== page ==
Pianist Plays 'Imagine' Outside Bataclan, Uniting Parisians In Moment Of Peace

He rolled up a grand piano and played to a crowd of journalists and onlookers.

15/11/2015 3:12 AM AEDT | Updated 16/11/2015 10:56 AM AEDT

The day after a series of attacks in Paris killed more than 120, a man rolled up a piano outside the city's Bataclan theater and played John Lennon's "Imagine."

CNN's Hala Gorani reported on it live from the scene Saturday during the CNN morning show "New Day." The sounds of the piano can be heard in the background of her report.

"There's a grand piano that was just rolled out in the middle of the crowd and in the middle of this group of journalists and someone playing 'Imagine' by John Lennon -- quite loudly, so perhaps you watching us all over the world, can hear it," Gorani said. 

German news site Sudkurier identified the man as German pianist Davide Martello, based on a tweet in which Martello said he would be playing Paris, rather than appearing as planned on Saturday in the German city of Konstanz. 

Martello, who goes by the nickname Klavier Kunst, then tweeted out a link to the Sudkurier piece with a message in English.

He posted identical messages on his Facebook page.

"Imagine," the title song of Lennon's 1971 solo album, remains one of the world's most famous peace anthems. Its lyrics ask us to imagine a world of unity and harmony. It specifically speaks about removing nationalist and religious prejudices.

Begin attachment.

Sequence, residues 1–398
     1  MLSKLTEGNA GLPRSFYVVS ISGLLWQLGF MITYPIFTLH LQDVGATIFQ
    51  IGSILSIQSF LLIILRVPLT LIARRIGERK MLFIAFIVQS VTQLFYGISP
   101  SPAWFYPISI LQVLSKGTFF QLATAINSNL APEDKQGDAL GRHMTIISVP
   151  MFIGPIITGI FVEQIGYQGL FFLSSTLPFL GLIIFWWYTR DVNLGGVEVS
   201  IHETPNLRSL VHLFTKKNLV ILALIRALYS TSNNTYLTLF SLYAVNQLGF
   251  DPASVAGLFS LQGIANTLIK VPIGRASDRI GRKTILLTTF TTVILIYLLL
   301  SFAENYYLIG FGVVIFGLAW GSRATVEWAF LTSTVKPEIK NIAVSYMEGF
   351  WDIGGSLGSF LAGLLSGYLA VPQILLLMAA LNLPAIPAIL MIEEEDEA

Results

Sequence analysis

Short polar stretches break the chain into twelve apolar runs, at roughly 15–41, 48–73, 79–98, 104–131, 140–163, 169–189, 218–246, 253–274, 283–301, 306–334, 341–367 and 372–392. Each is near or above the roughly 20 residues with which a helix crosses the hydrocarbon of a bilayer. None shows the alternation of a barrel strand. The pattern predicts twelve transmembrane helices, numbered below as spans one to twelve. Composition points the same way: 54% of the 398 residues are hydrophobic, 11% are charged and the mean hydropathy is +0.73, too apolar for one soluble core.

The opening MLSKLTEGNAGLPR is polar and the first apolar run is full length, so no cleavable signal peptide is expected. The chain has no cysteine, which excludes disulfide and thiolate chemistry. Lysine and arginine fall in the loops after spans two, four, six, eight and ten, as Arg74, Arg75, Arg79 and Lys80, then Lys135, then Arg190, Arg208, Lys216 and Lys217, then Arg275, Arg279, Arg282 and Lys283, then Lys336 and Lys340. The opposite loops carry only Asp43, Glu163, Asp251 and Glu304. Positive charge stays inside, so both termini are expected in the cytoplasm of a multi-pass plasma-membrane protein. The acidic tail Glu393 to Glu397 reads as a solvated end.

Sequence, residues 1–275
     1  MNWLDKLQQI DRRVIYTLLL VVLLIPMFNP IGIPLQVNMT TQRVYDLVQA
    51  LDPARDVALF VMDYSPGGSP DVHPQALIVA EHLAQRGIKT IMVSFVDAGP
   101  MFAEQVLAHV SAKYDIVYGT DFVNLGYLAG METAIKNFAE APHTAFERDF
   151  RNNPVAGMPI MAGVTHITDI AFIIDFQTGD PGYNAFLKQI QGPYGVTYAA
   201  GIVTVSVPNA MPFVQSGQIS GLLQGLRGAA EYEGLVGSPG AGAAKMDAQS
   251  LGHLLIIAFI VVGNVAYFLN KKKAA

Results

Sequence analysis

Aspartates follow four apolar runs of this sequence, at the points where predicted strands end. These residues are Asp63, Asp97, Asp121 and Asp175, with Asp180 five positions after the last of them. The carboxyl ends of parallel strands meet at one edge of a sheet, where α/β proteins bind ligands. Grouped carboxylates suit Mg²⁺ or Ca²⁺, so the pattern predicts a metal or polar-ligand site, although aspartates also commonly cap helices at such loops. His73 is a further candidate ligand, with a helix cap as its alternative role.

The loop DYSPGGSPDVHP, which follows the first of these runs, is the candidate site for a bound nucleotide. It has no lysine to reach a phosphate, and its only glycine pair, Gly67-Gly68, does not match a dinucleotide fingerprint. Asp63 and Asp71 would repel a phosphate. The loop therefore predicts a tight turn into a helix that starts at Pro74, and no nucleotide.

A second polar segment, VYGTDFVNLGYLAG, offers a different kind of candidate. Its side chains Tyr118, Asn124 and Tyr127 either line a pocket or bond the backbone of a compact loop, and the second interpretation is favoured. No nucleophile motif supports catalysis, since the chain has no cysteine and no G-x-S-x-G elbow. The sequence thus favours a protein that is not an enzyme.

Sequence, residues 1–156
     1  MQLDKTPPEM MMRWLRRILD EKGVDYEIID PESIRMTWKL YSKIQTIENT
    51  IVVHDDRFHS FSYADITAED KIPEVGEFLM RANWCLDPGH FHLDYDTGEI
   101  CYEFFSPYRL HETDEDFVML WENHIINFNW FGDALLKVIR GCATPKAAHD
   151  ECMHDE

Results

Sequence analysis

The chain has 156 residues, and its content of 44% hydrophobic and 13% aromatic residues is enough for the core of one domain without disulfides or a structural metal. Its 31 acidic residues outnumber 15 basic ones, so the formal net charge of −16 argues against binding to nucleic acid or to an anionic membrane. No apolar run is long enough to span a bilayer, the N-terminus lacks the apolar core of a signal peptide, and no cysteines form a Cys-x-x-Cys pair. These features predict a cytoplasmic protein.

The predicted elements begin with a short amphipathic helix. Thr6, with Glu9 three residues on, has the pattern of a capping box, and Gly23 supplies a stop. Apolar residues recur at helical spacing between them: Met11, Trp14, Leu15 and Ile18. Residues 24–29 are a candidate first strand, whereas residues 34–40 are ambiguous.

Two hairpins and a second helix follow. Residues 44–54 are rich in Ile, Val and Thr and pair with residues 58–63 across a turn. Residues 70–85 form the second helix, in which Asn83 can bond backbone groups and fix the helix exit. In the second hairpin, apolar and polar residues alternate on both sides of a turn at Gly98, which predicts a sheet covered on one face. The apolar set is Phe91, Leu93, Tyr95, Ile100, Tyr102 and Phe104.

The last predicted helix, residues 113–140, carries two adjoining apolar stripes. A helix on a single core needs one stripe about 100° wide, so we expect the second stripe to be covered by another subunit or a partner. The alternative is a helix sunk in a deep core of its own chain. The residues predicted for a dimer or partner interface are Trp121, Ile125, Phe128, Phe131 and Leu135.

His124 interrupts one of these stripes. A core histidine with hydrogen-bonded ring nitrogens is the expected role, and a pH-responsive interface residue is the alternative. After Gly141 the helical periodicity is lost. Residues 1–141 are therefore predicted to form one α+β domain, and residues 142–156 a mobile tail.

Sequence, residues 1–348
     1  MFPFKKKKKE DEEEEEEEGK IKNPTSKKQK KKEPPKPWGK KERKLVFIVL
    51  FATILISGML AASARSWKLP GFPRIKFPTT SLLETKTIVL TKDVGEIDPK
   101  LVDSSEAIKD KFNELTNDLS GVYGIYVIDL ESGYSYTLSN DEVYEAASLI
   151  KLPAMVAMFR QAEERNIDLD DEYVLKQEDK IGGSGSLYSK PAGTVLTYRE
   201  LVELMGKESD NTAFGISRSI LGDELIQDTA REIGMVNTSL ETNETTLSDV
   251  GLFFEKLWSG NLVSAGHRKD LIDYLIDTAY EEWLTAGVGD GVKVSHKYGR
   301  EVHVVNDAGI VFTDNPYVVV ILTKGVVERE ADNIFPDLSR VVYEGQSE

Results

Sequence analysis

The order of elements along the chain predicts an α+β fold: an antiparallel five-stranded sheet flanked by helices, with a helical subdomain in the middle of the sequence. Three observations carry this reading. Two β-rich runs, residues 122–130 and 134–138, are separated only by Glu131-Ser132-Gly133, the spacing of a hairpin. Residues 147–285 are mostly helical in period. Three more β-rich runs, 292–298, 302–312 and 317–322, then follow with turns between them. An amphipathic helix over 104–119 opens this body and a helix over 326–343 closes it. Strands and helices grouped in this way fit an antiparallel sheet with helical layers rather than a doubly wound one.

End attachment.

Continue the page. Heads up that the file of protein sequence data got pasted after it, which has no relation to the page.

"Imagine there's no countries / It isn't hard to do," Lennon sings. "Nothing to kill or die for / And no religion too / Imagine all the people / Living life in peace."

At least 89 people died in the attack on the Bataclan theater on Friday night. It is the site of the deadliest in a series of gun attacks and bombings across Paris that have killed at least 129 people.

Martello has a history of taking his piano to socially significant events. He played an extended set at the protests in Istanbul's Gezi Park in June 2013.

"My goal is to travel around the whole world with my grand piano and to inspire people in the middle of the streets," Martello wrote on his Facebook page. "I compose my own stuff usually in the street or daydreams."

Read more: 

- How The Paris Attacks Unfolded
- People Everywhere Share Messages Of Support For Paris
- Here Are The Locations Of The Paris Attacks
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